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The Ageing Epigenome: Preventing Old Genes from Learning New Tricks

Syringe and petri dish with letters DNA

I know, I know. You read the phrase “the ageing epigenome” and, apart from noticing that the spelling is un-American, you find that really only one thing springs to mind: There must be a lot of anagrams I could make from that phrase. My examples appear below, but feel free to play along at home. (For the uninitiated: Wikipedia describes an anagram as a type of wordplay, the result of rearranging the letters of a word or phrase to produce a new word or phrase, using all the original letters exactly once.)

(Teenage Me Going Hip) I suppose back in the day I should have guessed that someday I’d be looking at how genes switch on and off. That’s the simplest way of describing epigenetic regulation, and in retrospect it was the obvious career path for someone entering medical school in the West of Ireland.

(Age Eighteen Moping) A lesson to grumpy teenagers everywhere: you may end up working on something fun. You see, conceptually, epigenetic regulation of genes is kind of like coaching athletes to run certain plays. You have the same genes in every cell type, just as you have a finite number of players on the team. Just as you don’t want the chaos of having the players try every play simultaneously, you want only some genes switched on at a time. Running the play that makes a liver cell is quite different from running the play that makes a skin cell. The epigenome calls the plays, and the genes (which—dirty little secret—are not that smart) run the plays as they have been told to.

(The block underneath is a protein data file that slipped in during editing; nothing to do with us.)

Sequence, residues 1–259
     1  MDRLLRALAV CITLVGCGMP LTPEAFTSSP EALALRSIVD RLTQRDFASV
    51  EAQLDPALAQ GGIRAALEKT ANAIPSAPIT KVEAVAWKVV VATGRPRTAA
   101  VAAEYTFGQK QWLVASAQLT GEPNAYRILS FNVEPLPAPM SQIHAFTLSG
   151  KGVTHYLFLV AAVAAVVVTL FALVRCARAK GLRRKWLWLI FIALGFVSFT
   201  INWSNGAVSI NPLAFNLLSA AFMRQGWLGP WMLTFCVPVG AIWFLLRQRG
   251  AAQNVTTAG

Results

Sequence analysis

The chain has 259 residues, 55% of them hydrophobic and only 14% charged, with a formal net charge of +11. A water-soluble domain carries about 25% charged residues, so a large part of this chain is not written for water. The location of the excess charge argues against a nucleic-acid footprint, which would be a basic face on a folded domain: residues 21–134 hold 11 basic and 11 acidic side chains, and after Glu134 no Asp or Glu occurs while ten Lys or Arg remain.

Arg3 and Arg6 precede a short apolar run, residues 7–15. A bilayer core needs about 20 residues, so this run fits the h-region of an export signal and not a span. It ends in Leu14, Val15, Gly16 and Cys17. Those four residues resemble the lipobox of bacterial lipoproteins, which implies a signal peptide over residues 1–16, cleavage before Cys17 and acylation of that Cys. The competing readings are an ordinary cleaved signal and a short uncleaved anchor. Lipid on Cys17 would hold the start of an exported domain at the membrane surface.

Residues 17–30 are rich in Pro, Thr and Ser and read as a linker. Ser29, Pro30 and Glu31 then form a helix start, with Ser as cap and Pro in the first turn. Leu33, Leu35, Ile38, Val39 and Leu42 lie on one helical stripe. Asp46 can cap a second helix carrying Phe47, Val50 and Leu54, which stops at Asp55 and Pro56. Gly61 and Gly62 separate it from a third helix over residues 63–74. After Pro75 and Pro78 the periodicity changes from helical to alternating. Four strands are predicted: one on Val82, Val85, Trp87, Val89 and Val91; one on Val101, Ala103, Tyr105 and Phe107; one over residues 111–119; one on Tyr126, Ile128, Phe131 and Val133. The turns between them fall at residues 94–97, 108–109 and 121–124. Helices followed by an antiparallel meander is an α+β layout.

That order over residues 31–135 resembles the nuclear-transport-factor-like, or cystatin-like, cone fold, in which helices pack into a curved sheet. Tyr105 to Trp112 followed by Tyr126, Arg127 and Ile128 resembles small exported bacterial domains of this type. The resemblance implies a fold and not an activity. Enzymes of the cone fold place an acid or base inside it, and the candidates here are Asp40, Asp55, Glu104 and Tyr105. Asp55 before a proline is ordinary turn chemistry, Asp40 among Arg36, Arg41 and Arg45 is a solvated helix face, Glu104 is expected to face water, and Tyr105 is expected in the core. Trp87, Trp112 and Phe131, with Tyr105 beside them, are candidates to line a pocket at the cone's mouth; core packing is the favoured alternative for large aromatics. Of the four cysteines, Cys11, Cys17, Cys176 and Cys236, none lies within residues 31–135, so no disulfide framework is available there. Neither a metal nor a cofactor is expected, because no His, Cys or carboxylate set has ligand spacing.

If you’re old enough to read this, most of the plays in your body have already been run—the more than 200 types of cells in the body were programmed epigenetically, and now they just need to keep on message. So when we start to think about what could possibly go wrong as we age, we think of two things. Might the epigenome’s program to maintain a liver cell’s instructions to remain a liver cell start to wobble a bit over time? And what if, during the frenetic period of programming and reprogramming the epigenome early in life, we were being buffeted by an odd diet, chemicals or other factors that jolted the programming slightly off track?

(Engage Hope Mite Gin) For example, ethanol, the fun ingredient in booze, has known effects on the epigenome when you expose it to cells being grown in a dish. Diet is being linked to epigenetic changes, as are exercise and stress: the list is expanding like an abscess.

(Heaping Teeming Ego) Clearly, as scientists, we are humble individuals and merely seek reward for our endeavors in terms of the insights gained. Fame and fortune are simply words that both begin with the letter F. So when I saw that a few Einstein investigators—including me—were mentioned earlier this year in National Geographic discussing age and the epigenome, my only instinct was that this was good for humankind.

(Ageing Meeting Hope) That’s because publicity goes hand in hand with what really counts in life: whether the National Institutes of Health (NIH) will throw some change into your cup. The fine people of the NIH, specifically those at the National Institute on Aging, held a productive meeting last summer to figure out how best to design studies to look at the effects of age on the epigenome.

(Heaping Meeting Ego) Everyone at these meetings tends to be very collegial and self-deprecating. The old joke that scientists would rather use each other’s toothbrushes than each other’s hypotheses? A cruel stereotype.

(Ageing Teeming Hope) But seriously, folks. There’s genuinely a lot of promise in this field of epigenomics as we try to understand aging, or even (transatlantic) ageing. We have drugs that target the epigenome in cancer; increasingly refined agents that nudge the epigenome back on track might be part of the treatment for age-related conditions. Epigenetic therapy might therefore allow better-quality and longer lives. I hope so—before I get too old myself.

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